I've been enamored with Boston Dynamics' robots since first seeing them more than 10 years ago but really started thinking about making my own when inspired by James Bruton's OpenDog project on youtube. His project rationalized a few concepts that made the build feasible for me and I began thinking of how to make a quadruped robot with cost as my primary consideration. I had the time so I began designing and printing anything that I could. This resulted in picking a gear-motor and designing a recirculating ball screw actuator and printed bearings based on readily available and cheap 1/8" and 6mm balls.

More recently, I've run into an issue reliably reading my chosen mechanical encoder so I'm moving to AS5600 magnet encoders at each joint. While a bit of a cost impact, this should solve not only the noisy mechanical encoder but several other know issues.

My quadruped utilizes (12) 100-150mm typical recirculating ball screw actuators of my own design. They contain minimum and maximum travel limit switches with provisions for direct geared encoder. The ball screw actuators use ⅛” delrin bearing balls with a 4.5mm pitch, 12mm pitch diameter recirculating ball screw with a 11/20 tooth printed T5 belt reduction. I chose a 550 rpm @ 12V gearmotor which yields ~23mm/s actuation speed at no load. The leg joints utilize the same ⅛” bearings while the shoulder joints use 6mm plastic bearings due to the higher moment loads. All joint positions are measured with AMS AS5600 magnet angle sensors. The primary controller is an ESP8266 chosen for wifi connectivity and computation capacity. For expanded IO; (2) STM32F103 capture (6) actuators and magnet angle joint position sensors front and rear respectively. The microcontrollers and AS5600 sensors communicate through a multiple bus I2C network. After reviewing several options I chose the Blynk app as the control interface. Blynk offers a very flexible, feature rich, and simple to implement method to pass many control signals by wifi to the ESP8266 mcu. ESP8266 receives all Blynk control signals then completes all inverse kinematic valuations that generate joint angle positions. These position setpoints are sent to the respective STM32 which handle all of the actuator PID positioning.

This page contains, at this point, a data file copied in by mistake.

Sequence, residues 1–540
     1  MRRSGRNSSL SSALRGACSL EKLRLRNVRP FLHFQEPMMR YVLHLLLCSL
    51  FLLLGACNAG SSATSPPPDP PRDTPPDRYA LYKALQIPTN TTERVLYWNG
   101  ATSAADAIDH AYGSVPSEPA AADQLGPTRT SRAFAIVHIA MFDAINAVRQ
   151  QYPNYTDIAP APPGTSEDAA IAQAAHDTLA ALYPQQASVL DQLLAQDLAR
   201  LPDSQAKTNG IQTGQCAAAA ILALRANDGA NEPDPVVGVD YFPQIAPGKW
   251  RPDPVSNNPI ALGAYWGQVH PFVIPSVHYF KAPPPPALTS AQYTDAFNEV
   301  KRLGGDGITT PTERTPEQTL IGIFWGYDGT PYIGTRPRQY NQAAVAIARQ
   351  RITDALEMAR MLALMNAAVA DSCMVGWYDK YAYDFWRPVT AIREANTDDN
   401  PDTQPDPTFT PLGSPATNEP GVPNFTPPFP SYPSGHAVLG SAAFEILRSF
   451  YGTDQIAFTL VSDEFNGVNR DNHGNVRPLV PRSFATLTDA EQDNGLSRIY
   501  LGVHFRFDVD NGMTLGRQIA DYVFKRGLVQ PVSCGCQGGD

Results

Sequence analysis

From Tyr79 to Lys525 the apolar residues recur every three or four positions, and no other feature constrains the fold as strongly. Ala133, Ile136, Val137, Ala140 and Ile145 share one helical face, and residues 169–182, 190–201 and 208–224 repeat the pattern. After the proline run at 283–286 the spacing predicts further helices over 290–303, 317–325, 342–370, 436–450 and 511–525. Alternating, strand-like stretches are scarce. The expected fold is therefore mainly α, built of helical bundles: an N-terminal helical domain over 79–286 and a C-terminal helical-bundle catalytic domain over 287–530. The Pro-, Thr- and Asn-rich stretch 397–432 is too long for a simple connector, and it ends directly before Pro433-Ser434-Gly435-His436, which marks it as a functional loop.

Step file is included for assembly clarification along with an Autodesk Share for 3D viewing. Let me know if there was an issue with the batch STL export.

At this point I have a basic walk algorithm functioning but would be looking for input or considerations for improvements.


Google Photo Album of build:

Autodesk Share:


Source Code: